This is not the first of such calculations. Dr. Jacobson published an estimate of the global renewable energy installations needed back in March 2011 to meet the global energy demand by 2050( As Sasha said, it would be interesting to know how these numbers were calculated. Perhaps the methods used in the 2011 paper are similar to those in the upcoming one. Appropriately, one of the first papers cited is the Stabilization Wedges paper. In the 2011 paper they list the following criteria: "WWS (Wind, Water, Sunlight) energy system characteristics, current and future energy demand, availability of WWS resources, numbers of WWS devices, and area and material requirements." If the claims for New York seem bold consider that in his global report, Dr. Jacobson claims that converting the energy supply to WWS energy flows would save 30% of the world's energy consumption and only a ~0.59% increase in land use. These numbers look very promising. Even if the numbers for this global study and the New York study are estimates they are likely quite good ones. After all, energy consumption Of course the economic benefits are harder to calculate. However, since scientists tend to favor safe estimates, it may be that reductions in health costs and other externalities from non-renewable energy are actually much greater. I think that the most important statement that Dr. Jacobson reiterates is that the barriers to successful implementation are social and political, not so much technological. The question to ask is whether a complete conversion to renewable energy by 2030 is optimal. To reach this goal with economic incentives a tax on emissions would have to mount rapidly to push firms to abate emissions to the degree that only full conversion to zero-carbon energies would liberate them from the tax. Conceivably some of the upper limit optimal tax calculations ($200 or more per ton of Carbon), if accurate would provide such strong price signals. As awesome as this clean economy sounds, I doubt the resolve of policymakers and citizens in making it happen.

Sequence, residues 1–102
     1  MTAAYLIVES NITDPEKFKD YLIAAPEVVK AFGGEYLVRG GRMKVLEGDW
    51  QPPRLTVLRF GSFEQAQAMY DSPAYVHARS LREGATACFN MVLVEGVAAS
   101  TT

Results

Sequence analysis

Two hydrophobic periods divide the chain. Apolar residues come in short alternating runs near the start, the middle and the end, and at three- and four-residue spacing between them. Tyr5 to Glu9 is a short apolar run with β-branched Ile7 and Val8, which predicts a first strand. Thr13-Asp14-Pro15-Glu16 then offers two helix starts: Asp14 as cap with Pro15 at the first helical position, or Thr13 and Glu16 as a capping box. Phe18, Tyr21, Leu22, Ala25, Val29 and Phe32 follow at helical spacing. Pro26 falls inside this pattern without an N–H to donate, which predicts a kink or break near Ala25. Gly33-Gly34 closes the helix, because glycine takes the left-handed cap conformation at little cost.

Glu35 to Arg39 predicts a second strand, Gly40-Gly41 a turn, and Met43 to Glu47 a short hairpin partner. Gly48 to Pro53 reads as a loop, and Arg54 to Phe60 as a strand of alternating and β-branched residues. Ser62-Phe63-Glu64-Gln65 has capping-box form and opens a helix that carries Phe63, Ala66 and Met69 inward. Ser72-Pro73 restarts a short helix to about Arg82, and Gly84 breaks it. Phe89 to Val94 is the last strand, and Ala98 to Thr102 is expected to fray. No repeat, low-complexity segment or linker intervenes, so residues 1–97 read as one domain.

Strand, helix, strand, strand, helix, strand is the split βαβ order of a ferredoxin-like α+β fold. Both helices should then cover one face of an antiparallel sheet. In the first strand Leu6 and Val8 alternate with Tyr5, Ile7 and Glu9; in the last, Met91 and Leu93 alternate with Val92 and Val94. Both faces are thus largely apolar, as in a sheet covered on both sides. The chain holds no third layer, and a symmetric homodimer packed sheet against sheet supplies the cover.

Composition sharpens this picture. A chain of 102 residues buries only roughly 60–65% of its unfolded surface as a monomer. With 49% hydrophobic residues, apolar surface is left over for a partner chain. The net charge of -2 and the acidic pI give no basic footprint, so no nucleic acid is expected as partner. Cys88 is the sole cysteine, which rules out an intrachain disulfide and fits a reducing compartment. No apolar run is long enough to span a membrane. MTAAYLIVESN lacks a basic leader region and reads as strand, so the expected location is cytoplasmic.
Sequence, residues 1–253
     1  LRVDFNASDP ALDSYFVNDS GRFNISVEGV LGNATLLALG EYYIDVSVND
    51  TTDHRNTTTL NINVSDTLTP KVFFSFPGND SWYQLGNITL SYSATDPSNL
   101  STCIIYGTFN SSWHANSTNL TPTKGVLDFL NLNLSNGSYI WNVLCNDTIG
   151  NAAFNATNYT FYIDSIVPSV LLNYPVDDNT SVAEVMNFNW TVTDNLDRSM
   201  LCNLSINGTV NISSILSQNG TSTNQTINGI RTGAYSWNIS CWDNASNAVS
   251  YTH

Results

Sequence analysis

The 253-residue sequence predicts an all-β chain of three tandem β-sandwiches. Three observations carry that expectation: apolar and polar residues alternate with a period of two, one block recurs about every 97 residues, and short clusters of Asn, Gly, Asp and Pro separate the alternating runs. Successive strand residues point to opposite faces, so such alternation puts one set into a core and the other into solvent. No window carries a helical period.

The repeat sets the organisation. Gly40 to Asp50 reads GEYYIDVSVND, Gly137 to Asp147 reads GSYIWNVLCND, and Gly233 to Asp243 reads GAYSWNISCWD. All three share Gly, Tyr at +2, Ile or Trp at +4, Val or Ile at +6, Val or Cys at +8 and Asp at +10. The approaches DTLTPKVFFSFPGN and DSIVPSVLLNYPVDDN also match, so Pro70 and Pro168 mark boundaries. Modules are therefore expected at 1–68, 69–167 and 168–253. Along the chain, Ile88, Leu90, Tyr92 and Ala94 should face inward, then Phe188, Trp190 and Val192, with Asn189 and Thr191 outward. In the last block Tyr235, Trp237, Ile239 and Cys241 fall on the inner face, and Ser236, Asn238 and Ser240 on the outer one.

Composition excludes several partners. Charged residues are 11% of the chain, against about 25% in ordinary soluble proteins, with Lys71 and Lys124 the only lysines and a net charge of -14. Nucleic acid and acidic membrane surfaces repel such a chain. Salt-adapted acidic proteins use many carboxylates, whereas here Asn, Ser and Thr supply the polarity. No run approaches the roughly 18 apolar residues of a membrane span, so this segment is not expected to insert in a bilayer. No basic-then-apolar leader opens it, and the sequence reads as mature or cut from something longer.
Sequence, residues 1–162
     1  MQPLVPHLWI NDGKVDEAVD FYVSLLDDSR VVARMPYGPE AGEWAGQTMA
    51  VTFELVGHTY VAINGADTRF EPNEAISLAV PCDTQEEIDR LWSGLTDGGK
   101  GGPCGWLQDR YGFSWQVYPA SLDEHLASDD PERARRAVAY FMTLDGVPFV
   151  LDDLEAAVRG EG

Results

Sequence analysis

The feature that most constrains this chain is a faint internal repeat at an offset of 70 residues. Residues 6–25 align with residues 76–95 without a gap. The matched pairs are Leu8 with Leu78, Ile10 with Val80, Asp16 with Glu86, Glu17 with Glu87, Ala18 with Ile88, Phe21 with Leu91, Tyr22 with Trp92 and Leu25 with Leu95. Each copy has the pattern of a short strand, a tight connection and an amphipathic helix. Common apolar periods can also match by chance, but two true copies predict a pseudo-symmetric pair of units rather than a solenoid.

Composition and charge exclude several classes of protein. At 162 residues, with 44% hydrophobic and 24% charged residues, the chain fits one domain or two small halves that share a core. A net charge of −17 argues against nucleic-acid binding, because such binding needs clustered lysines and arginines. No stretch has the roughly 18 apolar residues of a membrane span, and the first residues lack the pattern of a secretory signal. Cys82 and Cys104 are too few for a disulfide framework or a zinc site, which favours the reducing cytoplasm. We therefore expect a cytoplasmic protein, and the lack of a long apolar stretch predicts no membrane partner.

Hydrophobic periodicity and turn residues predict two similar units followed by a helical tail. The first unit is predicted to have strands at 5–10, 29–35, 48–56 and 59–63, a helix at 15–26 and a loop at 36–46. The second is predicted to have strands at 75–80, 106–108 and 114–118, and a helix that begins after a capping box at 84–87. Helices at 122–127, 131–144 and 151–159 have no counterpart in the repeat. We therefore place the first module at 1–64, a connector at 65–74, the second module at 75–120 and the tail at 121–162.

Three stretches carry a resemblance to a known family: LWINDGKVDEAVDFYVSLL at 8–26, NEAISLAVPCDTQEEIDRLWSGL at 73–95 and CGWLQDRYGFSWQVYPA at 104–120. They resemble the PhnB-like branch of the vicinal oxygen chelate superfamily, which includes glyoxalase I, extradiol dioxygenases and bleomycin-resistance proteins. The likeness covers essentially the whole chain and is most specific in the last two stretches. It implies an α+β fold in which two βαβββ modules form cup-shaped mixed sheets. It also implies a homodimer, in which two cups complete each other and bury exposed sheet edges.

If only everyone in this nation could see Dr. Alley speak... As Dr. Alley indicated, there are really no major questions as to whether we should act on climate change; and there is little hope that any solution besides a price on carbon will bring about the necessary action. The technology, as we have seen in numerous papers, is already available. It is aggravating to see such petty division over such a critical issue. However, division occurs across more than just party lines. Even among those who recognize the need for action, there are those who argue against cap-and-trade solutions. This further weakens the case of economic incentive solutions. One prominent example is the pop-culture green Anne Leonard and her video "The Story of Cap & Trade," in which she scares the public about cap-and-trade being a financial scam and about how it is not a perfect solution. This type of language is exactly the sort of appeal to pathos that gets us into the ideological mess. She identifies the give-away of permits, the potential for offset permit scams, and distraction from a real solution as the major problems. These certainly are problems, but they are not reason to abandon the whole idea. While she doesn't say that that economic solutions are strictly bad, her proposed solution is confusing; she says that a strong cap and carbon fees (taxes) are required. In a tax-based solution, a cap is not needed! She should be advocating an emissions tax only so as to help point the public in a logical and focused direction. She also ignores that case of the RGGI, which has seen such success. Overall, this video adds to the fear of market solutions. We are to the point where some action is better than none at all. So, it is not just conservatives who are weakening the case for climate legislation. Clearly, this is not a 'liberal' policy, it is a policy of those who are looking to move forward logically rather than becoming mired in an endless debate over the 'best' solution. There is still a chance to unify around logic.